Using System.Char Static Methods

Event 5 in the Scripting Games dealt with testing whether or not a password is secure or not.  Among many qualifications, the password had to contain at least one digit, at least one upper case character and at least one lower case character. There also needed to be a check to see if the password contained any non-alphanumeric characters, such as $%^ or (.

All these could be dealt with using regular expressions, but regex skills are weak at best, so I always default to check and see if if someone has done it for me already. Sure enough, there are a bunch of static methods for System.Char that we can use.

   1: [char]::IsUpper()
   2: [char]::IsLower()
   3: [char]::IsDigit()
   4: [char]::IsLetterOrDigit()

From these we can build a filter that will pass the string if it meets the criteria. For the sake of example, lets build “Select-ContainsUpper”

   1: # Create a filter that can be used in a pipeline
   2: filter Select-ContainsUpper {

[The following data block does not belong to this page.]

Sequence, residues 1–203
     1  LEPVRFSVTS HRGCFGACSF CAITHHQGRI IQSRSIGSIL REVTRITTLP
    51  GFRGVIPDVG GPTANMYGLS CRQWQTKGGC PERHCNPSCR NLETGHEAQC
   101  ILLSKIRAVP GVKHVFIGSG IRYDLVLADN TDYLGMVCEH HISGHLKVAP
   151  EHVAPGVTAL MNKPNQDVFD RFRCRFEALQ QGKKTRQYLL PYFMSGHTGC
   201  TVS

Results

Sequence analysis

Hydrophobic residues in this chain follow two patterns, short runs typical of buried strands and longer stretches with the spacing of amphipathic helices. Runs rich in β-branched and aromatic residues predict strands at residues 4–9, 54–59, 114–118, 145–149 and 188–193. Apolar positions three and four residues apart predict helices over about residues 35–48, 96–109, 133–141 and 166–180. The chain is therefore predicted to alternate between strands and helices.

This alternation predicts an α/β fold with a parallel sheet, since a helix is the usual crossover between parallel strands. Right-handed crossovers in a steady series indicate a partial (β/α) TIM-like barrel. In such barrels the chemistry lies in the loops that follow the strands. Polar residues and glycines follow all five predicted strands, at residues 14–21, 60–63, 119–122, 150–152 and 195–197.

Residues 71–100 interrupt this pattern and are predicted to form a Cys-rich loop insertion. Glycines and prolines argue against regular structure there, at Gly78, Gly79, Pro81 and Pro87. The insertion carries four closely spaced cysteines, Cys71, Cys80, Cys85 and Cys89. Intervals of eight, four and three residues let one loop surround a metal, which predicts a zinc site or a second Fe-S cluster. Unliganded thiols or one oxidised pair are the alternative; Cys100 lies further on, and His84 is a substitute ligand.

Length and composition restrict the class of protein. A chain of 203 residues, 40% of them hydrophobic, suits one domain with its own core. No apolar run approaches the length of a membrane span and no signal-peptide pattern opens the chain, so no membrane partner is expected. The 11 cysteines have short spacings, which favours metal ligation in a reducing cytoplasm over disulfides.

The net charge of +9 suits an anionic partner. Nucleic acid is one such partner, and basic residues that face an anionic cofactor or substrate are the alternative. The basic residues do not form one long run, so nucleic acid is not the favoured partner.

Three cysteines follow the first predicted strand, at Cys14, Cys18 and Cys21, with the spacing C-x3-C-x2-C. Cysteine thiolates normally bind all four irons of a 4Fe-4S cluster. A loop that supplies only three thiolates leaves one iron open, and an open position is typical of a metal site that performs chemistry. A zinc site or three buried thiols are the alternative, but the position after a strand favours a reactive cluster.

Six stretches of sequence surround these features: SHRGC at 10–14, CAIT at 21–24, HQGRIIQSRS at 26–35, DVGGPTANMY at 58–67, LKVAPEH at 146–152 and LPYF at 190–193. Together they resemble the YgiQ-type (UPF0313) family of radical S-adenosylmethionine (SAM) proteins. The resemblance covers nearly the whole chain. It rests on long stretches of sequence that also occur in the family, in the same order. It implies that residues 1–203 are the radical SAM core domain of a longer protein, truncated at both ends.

3:     
   4:     # coerce the string into an array of chars and then pass each one to IsUpper
   5:     # IsUpper returns $TRUE or $FALSE for each char
   6:     # So ContainsUpper now contains an array of a bunch of Booleans
   7:     $containsUpper = $_.toCharArray() | % {[char]::IsUpper($_)}
   8:     
   9:     # if any char was uppercase, some element in ContainsUpper will be $TRUE
  10:     if ($containsUpper -contains $TRUE) {$_}
  11:     }
  12:     
  13: "one","Two","5","ContainsUpperCase","all-lower-case" | Select-ContainsUpper

Building Select-ContainsDigit and the others is left as an exercise to the reader.

You could also quite easily build a function that takes the string as a password, but lately I have been big on using filters and then putting them all together in a nice pipeline for the sake of clarity and a nice overall PowerShelly look.

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One Response to “Using System.Char Static Methods”

  1. Alliepz Says:

    thats it, bro

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